Auditor Bump Cites Two Dentists for Overcharging Health Program
Medicaid investigation uncovers $311,572 in unallowable billing
BOSTON, MA (May 10, 2011) – In an ongoing investigation into MassHealth dental provider claims, State Auditor Suzanne M. Bump today reported that two dentists have received more than $311,000 in unallowable reimbursements from the state’s insurance agency.
Dr. Melvin Frankel DMD of Taunton and Dr. Doreen Chong DDS of Boston billed MassHealth for approximately $4.9 million in orthodontic services for 2,514 patients over a five year period. Audits of their separate practices cited excessive x-ray charges, and in the case of Dr. Frankel, duplicate payments and reimbursements for services that were never performed on patients.
“These are two glaring examples of how health providers can reap undue monetary benefits from the MassHealth system at the cost of the taxpayer,” said Auditor Bump. “A more troubling question is why MassHealth didn’t catch these abuses.”
The audits are the latest in the State Auditor’s ongoing review of the Medicaid program, which now accounts for one third of the state budget. An audit released last November found similar abuses which were tied to inadequate controls in identifying unallowable claims by DentaQuest, the subcontractor which administers the dental program for MassHealth.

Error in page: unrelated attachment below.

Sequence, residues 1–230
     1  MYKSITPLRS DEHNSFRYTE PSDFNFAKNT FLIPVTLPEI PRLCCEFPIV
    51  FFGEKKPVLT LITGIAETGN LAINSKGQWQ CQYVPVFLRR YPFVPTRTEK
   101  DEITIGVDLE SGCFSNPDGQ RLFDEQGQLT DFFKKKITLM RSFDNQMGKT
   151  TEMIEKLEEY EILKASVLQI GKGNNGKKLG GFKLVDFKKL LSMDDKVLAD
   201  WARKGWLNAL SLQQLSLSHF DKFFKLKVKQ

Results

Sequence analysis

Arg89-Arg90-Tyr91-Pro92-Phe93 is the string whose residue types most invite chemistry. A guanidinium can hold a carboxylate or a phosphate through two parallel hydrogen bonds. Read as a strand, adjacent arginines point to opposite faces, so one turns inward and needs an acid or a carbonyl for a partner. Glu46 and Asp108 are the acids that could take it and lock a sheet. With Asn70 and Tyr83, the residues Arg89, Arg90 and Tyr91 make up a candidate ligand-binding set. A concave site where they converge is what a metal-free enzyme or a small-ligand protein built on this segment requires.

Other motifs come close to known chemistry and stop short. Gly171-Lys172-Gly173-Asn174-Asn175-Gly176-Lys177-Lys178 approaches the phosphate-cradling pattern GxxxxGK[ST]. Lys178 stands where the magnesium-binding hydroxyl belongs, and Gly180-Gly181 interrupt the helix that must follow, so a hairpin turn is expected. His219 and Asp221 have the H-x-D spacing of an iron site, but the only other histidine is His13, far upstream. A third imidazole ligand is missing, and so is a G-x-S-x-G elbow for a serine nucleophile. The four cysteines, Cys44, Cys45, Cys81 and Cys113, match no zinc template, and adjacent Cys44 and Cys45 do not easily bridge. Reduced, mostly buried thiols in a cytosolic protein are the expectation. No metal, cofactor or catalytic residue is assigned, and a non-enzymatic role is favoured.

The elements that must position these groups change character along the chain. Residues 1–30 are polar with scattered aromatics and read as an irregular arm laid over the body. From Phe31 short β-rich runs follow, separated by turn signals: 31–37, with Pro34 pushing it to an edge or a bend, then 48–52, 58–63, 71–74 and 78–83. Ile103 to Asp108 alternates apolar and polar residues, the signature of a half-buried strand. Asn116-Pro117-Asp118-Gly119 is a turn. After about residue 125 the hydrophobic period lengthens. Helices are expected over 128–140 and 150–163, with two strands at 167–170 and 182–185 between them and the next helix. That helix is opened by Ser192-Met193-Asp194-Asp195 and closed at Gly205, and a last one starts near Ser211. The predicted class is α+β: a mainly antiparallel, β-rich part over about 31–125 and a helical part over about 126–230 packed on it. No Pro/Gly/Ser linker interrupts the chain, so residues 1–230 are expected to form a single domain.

Auditor Bump found that DentaQuest approved claims from both dentists for $305,182 in x-rays, orthodontic consultations, periodic treatments and orthodontic retention that were against regulation. The audit also found that Dr. Frankel was paid twice for the same dental procedures 29 times and DentaQuest failed to identify the duplicate claims resulting in a $4,982 overpayment as well as $1,408 in payments for orthodontic treatments he never performed on patients.
Auditor Bump is calling on MassHealth to recover the improper claims and establish additional controls over its payment system to prevent a significant pattern of waste, fraud, and abuse in vendor billings.
Over the past four fiscal years, payments to dental providers in the program have increased by more than 250 percent from $116 million to over $300 million which Auditor Bump cited as a primary reason to increase oversight of the program.
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